The New Poetry


Kevin Davies won the Poetry Center Book Award in 2000 for Comp (Edge Books). Currently residing in Maine by way of Vancouver and New York, he often writes long, tumbling sequences that gather force like a dream landslide, with each part standing out as an idiosyncratic scene charged by an alluring voice, or stance, not quite like anything else in contemporary poetry. They work like a “lateral argument” (the name of one remarkable sequence, to be found at, with a logic that seems particularly suited to the new structures of the globalized mess: endlessly connected, utterly fragmented. Rather than holding it all together in a false unity, Davies moves sharply among anxiety, wit, a perfect perplexity over the world’s strangeness, and a disturbed, irresistible turn toward the future.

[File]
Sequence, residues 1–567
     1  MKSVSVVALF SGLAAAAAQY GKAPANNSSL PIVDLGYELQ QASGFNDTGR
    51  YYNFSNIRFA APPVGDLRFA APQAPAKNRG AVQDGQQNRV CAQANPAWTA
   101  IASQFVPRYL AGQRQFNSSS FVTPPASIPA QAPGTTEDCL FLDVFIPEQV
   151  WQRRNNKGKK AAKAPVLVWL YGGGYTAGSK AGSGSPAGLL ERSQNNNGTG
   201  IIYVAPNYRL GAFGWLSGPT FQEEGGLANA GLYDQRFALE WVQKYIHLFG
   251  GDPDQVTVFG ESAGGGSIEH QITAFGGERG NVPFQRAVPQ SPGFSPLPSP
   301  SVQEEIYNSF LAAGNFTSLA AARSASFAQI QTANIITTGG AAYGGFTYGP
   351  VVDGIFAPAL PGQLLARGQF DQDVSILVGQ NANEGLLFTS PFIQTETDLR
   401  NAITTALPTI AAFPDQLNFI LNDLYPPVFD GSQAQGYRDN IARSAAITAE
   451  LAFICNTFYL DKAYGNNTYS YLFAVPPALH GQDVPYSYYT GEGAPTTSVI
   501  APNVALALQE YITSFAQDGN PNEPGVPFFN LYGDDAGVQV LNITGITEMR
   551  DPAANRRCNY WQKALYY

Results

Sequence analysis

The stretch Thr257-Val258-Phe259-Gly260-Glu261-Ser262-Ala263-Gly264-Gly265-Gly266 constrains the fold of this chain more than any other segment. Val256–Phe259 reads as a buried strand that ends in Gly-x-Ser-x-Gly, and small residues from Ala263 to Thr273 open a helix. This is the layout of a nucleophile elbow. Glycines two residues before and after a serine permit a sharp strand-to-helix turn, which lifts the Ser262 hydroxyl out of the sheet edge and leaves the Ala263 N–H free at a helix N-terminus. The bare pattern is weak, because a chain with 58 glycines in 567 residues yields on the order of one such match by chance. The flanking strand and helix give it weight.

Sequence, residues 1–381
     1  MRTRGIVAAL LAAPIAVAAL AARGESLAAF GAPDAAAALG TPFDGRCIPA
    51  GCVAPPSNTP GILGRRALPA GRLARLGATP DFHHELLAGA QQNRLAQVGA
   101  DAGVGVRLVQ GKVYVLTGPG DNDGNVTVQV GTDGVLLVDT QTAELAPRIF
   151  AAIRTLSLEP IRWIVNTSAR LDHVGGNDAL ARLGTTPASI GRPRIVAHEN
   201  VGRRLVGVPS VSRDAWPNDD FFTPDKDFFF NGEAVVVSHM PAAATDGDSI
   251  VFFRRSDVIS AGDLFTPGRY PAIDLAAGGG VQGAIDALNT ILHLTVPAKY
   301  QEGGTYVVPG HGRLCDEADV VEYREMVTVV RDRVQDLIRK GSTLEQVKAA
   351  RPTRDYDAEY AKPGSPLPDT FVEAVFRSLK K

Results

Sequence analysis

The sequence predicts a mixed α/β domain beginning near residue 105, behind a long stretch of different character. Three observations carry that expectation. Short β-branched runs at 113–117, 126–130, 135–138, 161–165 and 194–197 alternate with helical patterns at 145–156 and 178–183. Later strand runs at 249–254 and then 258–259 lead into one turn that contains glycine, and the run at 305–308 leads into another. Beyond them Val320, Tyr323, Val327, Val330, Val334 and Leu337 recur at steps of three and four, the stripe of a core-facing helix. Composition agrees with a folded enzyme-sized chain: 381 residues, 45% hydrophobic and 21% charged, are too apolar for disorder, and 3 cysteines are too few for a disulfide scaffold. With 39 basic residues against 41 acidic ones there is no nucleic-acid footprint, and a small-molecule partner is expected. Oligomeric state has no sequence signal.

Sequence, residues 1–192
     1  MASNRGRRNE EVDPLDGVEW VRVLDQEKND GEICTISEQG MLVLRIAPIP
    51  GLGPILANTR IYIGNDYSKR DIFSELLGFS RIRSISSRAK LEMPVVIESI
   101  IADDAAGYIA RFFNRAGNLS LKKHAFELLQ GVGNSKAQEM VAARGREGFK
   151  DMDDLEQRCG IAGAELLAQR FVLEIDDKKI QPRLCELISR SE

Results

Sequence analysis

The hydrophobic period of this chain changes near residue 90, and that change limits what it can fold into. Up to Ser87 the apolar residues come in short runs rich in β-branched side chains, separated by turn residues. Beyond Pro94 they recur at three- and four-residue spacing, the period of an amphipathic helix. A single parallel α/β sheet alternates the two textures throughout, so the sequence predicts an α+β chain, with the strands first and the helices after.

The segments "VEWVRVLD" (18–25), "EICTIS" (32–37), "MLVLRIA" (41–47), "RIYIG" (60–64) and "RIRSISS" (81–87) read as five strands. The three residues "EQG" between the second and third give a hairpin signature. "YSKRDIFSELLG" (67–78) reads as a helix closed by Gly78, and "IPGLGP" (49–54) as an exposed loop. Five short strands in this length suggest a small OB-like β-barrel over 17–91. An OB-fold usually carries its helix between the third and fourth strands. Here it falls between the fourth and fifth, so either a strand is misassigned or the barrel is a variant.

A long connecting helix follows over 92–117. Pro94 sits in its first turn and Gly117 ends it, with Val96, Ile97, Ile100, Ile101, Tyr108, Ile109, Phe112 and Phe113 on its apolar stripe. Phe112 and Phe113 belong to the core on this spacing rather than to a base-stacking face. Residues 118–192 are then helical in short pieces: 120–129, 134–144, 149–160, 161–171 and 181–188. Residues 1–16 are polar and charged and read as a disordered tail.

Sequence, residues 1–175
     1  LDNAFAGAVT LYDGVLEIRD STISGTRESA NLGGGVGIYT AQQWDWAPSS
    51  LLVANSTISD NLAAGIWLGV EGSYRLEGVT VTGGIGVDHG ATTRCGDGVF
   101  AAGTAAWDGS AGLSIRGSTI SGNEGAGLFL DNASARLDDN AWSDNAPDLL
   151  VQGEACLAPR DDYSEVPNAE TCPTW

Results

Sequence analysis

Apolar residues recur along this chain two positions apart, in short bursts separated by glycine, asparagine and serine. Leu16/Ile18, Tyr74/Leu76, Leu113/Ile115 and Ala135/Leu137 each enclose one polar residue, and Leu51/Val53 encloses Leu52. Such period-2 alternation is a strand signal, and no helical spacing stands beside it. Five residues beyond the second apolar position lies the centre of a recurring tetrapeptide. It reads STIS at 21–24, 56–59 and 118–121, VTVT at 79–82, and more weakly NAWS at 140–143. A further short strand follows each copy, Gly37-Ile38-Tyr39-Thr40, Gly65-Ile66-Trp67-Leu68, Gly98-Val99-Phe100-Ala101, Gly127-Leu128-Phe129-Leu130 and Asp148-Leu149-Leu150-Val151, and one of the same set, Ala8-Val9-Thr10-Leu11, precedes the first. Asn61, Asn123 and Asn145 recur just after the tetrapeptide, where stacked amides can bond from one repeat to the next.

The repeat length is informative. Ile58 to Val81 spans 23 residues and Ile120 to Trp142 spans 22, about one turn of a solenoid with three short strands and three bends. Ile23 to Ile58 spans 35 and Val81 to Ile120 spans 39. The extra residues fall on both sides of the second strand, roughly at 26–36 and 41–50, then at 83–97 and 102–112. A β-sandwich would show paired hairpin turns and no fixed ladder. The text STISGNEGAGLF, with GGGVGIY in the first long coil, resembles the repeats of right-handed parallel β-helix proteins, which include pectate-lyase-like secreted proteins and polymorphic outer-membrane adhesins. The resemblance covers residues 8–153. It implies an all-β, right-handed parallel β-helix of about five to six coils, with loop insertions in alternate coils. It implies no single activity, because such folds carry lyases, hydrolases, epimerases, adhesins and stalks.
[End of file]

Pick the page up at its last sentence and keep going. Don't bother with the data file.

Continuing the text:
Joshua Clover

[from The One-Eyed Seller of Garlic]


Yet even as we grope

each other in this small stall another

language dies

And miniaturization proceeds

“apace”—let me show you what I mean

We don’t need

names we have gadgets

And a good fifteen minutes

before anyone comments on our absence

Relax I’ve got you—that’s just

the blood

rushing to your head

And I have been here before, okay

not here, but here, with others

But never

you mind

Lack of comfortable space

is the whole point


I want you to strangle me and drag

me to a river

That leads ultimately to the open sea

And to sing

at the launch of the subsequent bookwork

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